As I watched Bobo hit a three with 5:26 left in the third quarter, I knew the rest of the game was going to be difficult to get through.
It's not that I don't enjoy a good beat down of the Thunder. Trust me, it's one of my favorite things on Earth. When that Diaw three hit nylon, you could actually feel the sadness exuding from the Thunder bench. There was no way they were going to keep this game respectable. San Antonio was up 91-61 with almost a frame and half left to play, Mitch McGary was getting tons of minutes, and Tim Duncan had just hit a corner three. Combine that with the fact that Oklahoma City's banged-up defense looked Nickleback-bad and you have a perfect recipe for a 39-point Spurs' victory, the second-worst in Thunder history.
No, it was difficult to get through because I knew that as each minute ticked away, so did my confidence that we were beating a "playoff" team. I looked forward to this match up -- one against an MVP candidate -- as one that could possibly point me in the right direction of where this San Antonio team is right now. But with Kevin Durant shut down indefinitely, and now Serge Ibaka injured, OKC looks like a squad that would battle for a low seed in the Eastern Conference playoffs. Their defensive rotations were non-existent, as was their ability to find any offense outside of Enes Kanter and Russell Westbrook -- both of whom only showed up for a quarter and a half.
So what kind of team did San Antonio slaughter last night? Well, last night's loss dropped the Thunder to 5-11 against .500 or better teams when Westbrook takes the court without Durant. Now, I will sit back in awe of everything Russell does on the court and how he accumulates stats like Taylor Swift accumulates exes, but let's not claim that Westbrook's heroics are putting his team where they need to be. That Thunder team that the Spurs dismantled last night was a team in trouble, and will not survive this final playoff push if they continue down their current path.
What I wanted to get out of last night's match up was some clarity as to the mental status of San Antonio as April approaches. It seems like every time I think I have my thumb on the pulse of the team, they throw me for another loop. Is this the team that stumbles against the massively embarrassing Knicks at Madison Square Garden, or the team that soundly beats the impressive Hawks in the Fortress? Are they a squad that lets Monta Ellis go for 38 points, or a group that holds Westbrook to 5-of-16 from the field and a -30?
You can't answer those questions when the entire second half of the game is garbage time, but I believe I may have found some semblance of guidance on Wednesday night. Late in the game, with a Cojo-Patty-Bonner-Williams-Ayres lineup finishing up the game, the camera cut to a quick shot of Tony and Pop sharing a super laid-back conversation that looked to be about anything besides the game. The two didn't look jacked about the national beat down of the Thunder, nor did it look like they were talking X's and O's in order to shore up mistakes and carry the momentum over to the rematch against Dallas on Friday.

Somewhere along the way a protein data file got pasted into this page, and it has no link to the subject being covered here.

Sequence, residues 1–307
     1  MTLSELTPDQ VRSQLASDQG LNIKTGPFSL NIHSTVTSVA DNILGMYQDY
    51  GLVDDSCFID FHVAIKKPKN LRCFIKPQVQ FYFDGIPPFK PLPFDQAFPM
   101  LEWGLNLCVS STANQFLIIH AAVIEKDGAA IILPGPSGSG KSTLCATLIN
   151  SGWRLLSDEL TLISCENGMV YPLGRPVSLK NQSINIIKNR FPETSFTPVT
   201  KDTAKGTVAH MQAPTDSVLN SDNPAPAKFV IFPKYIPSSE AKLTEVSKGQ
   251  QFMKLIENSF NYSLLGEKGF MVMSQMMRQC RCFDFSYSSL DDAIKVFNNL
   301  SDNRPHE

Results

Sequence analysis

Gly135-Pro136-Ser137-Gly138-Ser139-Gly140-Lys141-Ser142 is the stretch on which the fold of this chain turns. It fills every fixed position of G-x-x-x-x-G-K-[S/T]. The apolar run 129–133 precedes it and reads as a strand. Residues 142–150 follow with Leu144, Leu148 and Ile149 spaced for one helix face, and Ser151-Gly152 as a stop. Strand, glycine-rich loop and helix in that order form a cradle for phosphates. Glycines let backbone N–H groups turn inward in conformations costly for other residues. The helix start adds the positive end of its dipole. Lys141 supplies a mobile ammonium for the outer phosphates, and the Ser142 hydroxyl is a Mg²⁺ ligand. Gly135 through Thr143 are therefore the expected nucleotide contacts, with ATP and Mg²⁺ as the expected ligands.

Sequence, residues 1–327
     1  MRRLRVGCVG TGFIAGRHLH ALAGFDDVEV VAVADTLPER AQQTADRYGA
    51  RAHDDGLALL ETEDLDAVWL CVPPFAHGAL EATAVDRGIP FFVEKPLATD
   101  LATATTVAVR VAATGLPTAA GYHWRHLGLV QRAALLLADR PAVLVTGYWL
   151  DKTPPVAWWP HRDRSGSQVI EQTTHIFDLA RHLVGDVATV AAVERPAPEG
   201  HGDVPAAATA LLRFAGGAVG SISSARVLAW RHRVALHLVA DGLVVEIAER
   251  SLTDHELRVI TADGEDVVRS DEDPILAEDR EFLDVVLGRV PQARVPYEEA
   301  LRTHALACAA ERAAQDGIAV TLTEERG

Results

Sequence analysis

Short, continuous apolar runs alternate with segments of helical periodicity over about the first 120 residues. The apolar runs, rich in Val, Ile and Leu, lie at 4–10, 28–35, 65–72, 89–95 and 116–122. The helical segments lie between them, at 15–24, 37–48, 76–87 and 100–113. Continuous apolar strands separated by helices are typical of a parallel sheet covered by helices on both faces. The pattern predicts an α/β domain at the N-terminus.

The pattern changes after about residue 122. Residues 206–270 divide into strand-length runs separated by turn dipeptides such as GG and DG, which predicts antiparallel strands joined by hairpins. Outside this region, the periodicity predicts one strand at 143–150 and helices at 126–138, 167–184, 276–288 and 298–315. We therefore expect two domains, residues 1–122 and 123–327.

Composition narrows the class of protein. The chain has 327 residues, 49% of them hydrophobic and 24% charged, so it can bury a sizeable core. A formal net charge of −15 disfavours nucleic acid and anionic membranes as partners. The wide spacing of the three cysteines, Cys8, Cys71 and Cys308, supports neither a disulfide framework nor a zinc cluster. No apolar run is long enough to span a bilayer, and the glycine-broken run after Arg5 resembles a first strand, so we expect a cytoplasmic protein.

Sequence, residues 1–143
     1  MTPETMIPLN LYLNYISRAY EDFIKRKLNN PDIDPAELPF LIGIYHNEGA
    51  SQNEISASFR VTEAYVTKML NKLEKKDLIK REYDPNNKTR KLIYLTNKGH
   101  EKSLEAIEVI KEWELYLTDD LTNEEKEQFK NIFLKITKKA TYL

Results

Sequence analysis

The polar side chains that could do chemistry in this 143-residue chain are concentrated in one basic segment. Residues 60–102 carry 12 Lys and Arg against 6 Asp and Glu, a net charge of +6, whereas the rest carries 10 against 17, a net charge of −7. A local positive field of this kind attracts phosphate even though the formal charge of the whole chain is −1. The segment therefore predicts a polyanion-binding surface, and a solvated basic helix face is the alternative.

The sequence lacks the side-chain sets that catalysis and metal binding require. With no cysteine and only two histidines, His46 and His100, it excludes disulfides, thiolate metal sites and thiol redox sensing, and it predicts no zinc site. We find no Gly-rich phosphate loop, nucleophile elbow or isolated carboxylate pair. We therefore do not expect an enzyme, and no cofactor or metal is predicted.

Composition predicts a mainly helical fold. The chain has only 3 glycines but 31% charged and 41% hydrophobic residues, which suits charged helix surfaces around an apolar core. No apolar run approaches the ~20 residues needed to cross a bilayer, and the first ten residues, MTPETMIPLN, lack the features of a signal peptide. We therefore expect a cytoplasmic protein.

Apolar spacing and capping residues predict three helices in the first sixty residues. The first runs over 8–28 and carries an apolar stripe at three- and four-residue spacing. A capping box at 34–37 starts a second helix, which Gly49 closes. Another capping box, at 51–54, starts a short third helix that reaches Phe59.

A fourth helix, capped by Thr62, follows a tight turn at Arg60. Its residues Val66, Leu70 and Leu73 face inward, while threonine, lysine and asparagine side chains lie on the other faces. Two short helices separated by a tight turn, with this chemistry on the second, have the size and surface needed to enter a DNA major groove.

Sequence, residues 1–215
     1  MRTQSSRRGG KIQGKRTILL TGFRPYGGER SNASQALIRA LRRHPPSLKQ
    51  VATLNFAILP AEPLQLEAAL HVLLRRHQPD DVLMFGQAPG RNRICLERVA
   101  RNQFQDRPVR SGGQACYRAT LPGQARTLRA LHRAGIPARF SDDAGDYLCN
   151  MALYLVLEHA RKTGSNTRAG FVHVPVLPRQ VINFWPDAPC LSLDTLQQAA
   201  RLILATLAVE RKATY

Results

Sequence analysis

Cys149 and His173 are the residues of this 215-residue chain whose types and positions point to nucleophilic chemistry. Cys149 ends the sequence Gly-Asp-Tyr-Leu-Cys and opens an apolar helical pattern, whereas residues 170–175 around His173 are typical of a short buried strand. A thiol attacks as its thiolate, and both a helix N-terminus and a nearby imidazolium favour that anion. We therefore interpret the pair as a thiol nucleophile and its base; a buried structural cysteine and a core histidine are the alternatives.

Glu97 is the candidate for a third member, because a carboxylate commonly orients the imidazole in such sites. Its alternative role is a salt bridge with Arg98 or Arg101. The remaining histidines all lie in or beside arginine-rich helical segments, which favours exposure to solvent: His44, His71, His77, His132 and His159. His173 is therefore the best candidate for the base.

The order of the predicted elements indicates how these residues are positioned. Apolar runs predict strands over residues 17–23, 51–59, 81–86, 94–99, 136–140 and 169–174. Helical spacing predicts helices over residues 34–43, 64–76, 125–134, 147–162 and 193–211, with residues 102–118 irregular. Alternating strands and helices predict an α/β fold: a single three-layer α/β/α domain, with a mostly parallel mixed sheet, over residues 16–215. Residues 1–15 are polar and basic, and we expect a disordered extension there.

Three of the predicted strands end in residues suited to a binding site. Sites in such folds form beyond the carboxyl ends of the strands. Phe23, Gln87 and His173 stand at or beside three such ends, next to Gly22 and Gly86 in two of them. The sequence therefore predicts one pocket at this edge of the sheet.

The conversation looked to be just that: a conversation. It was relaxed, both parties looked entertained but also had an even keel about them. And it reminded me that they're the freaking Spurs, which is something I need to remind myself about once a season. If they were doing anything else, -- scheming, discussing match ups, etc. -- I'd be worried that they were pressing, but a relaxed coaching staff and group of players who have the entire season in perspective is what is needed on a championship squad.
So whether or not beating the Thunder by an embarrassing amount says anything about "where their heads are at" heading into the last 11 games of the season, it's reassuring to know that Pop already has everyone forgetting about it and moving on to the next one.
That's something only championship-level teams are capable of doing.
Game MVP - Boris Diaw
In a game where everybody wearing a Spurs jersey seemed to get theirs and play a solid game, Diaw brought me the most happiness with how he got into the paint and attacked the rim. Too often this season he's been settling for mid-range jumpers or threes and they just haven't been falling. Last night, Boris -- who finished with 19 points on the night -- took defenders off the dribble into the interior and made things happen in the paint. Of course, the Thunder's interior was slightly weaker without Ibaka, but you love to see Bobo get some confidence back up by working his defenders into more efficient-shooting ranges.
Even before the game, Danny Green knew how the night was going to go for San Antonio.
Enes Kanter is like a reverse DeAndre Jordan. So good on one end, so limited on the other.— Tom Ziller (@teamziller) March 26, 2015
Splitter v. Kanter is secretly my favorite matchup tonight. Just two ungainly white dudes hitting each other in the head.— David McGinnis (@dav_mcg) March 26, 2015
The Kanter-Splitter matchup was an intriguing one for about a quarter before the entire game blew up.
Westbrook got feisty with Duncan after the last whistle. Duncan: "What the ---- was that?"— J.A. Adande (@jadande) March 26, 2015
I somehow missed this and am now going to need to go back and look for it.
Spurs right now: pic.twitter.com/i1D6yTU7D2— Jim Bob Breazeale (@jbbreazeale) March 26, 2015
Spurs back. Season over.— Hardwood Paroxysm (@HPbasketball) March 26, 2015
For immediate release to 29 NBA teams: The Spurs have been activated. Thanks for your entry and good luck next year.— devin kharpertian (@uuords) March 26, 2015
Everyone is taking note of the familiar look in the Spurs' eyes, right about now.
@poundingtherock It's all good, friendo.— 48 Minutes of Hell (@48MoH) March 26, 2015
It's always nice to see some blog-on-blog love.
Meanwhile... the Cavs did work in Memphis
JVG compared Durant's injuries to Zayn leaving One Direction because of course he did.